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Quick Questions explains what alcohol does -- and doesn’t do -- to your brain cells. Enjoy this episode responsibly!

Hosted by: Michael Aranda
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The claim that alcohol kills brain cells dates back to the temperance movement of the early twentieth century when Prohibition advocates wanted to make alcohol illegal in the United States. These people, who warned that a couple of gin rickeys would eat away your brain were the same ones that also circulated claims that, say, alcoholics could catch fire and burn alive because of all the alcohol in their blood. Neither claim is true, I'm happy to report, although parents and teachers have repeated the first one enough over the last century that it's often passed off as fact.

Very roughly speaking, your brain has about 100 billion nerve cells called neurons, and the active ingredient in intoxicating beverages is ethyl alcohol. When you drink it, it's processed by your liver where it's metabolized into acetate and eventually eliminated.

But if you drink too much alcohol too quickly, your liver can't process it fast enough, so the excess alcohol stays in your blood and reaches the brain. Once there, alcohol disrupts your brain function by damaging the connective tissue at the end of those neurons, called dendrites. While the cell itself isn't killed, the damage to the dendrites interrupts communication between your neurons, making it harder to send messages that have to do with things like learning or motor coordination. This is what causes the effects we often associate with being drunk, like stumbling, slurred speech and making, what in hindsight often prove to be really bad decisions.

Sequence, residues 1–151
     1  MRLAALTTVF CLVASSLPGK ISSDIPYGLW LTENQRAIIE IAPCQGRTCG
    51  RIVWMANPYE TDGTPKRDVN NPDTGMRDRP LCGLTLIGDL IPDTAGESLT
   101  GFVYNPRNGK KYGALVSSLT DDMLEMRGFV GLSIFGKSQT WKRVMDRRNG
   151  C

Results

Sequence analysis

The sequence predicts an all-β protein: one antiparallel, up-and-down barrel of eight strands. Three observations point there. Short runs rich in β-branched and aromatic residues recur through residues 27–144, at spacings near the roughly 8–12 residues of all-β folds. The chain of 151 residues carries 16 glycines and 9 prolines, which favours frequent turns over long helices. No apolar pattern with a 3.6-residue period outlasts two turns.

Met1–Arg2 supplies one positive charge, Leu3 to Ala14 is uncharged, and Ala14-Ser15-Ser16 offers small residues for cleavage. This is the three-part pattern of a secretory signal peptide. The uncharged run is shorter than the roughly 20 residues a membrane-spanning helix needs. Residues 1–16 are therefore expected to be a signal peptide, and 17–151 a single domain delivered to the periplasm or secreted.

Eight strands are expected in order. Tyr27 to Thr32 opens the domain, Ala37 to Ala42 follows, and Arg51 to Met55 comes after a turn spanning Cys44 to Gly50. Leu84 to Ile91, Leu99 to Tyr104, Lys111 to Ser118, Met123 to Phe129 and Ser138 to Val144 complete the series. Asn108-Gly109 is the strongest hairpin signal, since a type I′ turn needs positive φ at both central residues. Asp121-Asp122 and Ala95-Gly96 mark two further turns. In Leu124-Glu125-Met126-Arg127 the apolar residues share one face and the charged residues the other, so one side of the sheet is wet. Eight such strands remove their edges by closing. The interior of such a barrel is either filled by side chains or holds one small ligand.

But we know the brain cells don't actually die thanks to a study done in 1993, in which scientists actually counted the neurons in brain samples from alcoholics and non-alcoholics. They found no difference in the total number of neurons, and these findings have been confirmed by other recent studies.

Luckily, the damage done to our dendrites during an evening of drinking is almost always reversible, and if you stop drinking for long enough, the brain will repair itself. But, of course, drinking alcohol in large quantities poses many, many other health risks, and while it may not kill brain cells, it can greatly impair brain function and permanently damage your poor liver.

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